Imperial College London took South Kensington by storm at the weekend, with its annual celebration, Imperial Festival.
The two-day festival, held at the university's South Kensington campus, featured a wide range of talks, demos and hands-on activities across the college's key areas – science, health, engineering and business. The festival is a highlight in the college's annual calendar, with over 500 scientists on hand to talk to visitors. From the Health and Body Zone to the Energy and Environment Zone, the Imperial Festival allows people to get up close and personal with science and technology.
In the College Main Entrance was the Robot Zone. Here, visitors could meet the Imperial College robot crew, including the fabulously-named robot De Niro. Experts were on hand to talk about the latest in robotics, drones and how these technologies could impact on daily life and society.
Right across the other side of the campus, the Superbugs Zone looked to be a roaring success, with queues out the door all weekend long. Each visitor was assigned their own bacteria, which they had to follow throughout the exhibition to learn about evolution, infection and antibiotics resistance. With giant Lego bacteria, stickers and plenty of hands-on laboratory activities, it was sure to spark curiosity in adults and children alike.
The Discovery Zone was a space interactive activity, which challenged visitors to think about the physics of gravity, space exploration, and there were even some competitions which pitted the human mind against the power of computing.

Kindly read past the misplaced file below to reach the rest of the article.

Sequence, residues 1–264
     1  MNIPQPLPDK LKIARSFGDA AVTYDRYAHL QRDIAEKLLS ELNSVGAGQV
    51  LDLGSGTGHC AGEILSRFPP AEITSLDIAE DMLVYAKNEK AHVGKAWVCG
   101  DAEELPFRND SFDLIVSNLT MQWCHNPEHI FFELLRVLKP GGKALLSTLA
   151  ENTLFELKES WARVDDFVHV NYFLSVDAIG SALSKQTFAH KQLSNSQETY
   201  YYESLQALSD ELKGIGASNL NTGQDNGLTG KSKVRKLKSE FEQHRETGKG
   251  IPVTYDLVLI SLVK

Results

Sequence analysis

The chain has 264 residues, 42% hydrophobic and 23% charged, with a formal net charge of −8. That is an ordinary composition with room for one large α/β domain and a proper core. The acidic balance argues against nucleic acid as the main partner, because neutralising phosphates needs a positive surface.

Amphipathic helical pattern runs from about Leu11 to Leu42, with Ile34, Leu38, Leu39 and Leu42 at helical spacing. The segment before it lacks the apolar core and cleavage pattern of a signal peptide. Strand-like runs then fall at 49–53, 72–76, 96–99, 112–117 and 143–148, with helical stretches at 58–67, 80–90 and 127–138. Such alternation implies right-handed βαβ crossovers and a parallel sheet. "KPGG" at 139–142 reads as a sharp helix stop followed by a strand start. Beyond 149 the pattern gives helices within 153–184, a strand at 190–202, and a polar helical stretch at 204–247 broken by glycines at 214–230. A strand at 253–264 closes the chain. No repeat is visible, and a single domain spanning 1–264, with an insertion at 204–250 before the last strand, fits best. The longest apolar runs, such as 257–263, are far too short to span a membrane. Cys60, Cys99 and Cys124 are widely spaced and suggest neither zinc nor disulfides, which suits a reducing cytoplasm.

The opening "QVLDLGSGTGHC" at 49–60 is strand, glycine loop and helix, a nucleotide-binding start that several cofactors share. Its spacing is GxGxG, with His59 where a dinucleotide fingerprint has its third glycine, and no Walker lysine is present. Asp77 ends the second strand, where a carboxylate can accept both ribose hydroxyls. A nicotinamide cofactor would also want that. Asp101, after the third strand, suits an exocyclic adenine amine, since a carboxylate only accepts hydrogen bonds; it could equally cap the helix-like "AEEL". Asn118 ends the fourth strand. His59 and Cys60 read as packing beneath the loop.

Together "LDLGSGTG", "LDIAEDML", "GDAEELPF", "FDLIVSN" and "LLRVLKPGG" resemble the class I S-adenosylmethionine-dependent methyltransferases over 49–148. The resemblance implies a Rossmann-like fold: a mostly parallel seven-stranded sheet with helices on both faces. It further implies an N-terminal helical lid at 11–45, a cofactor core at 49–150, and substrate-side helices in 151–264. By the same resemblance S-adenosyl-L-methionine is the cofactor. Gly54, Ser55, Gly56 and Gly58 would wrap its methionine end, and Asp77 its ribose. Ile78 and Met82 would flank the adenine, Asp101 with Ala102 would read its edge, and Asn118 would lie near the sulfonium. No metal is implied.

The Contemplation Zone provided a different atmosphere, and a chance to stop and reflect on how science, technology and new discoveries affect us and the world around us. From art, to radio podcasts and TV documentaries, the Contemplation Zone was designed to encourage new ways of thinking and personal reflection.
As well as having more than 80 live demonstrations and hundreds of exhibits, Imperial Festival also hosted a range of expert talks covering topics from The Bionic Man, to the benefits of music. Speakers answered questions and many were also interviewed after their talks to delve further into their areas of expertise.
Throughout the weekend, visitors also got to enjoy live dance and music performances from talented members of the university's student body. There was also a huge array of street food, an outdoor bar and plenty of pop-up performers to keep everyone entertained.
If you missed this year's event, don't despair! The festival is an annual event, so keep an eye out for next year's program. You can find out about Imperial Festival on their website.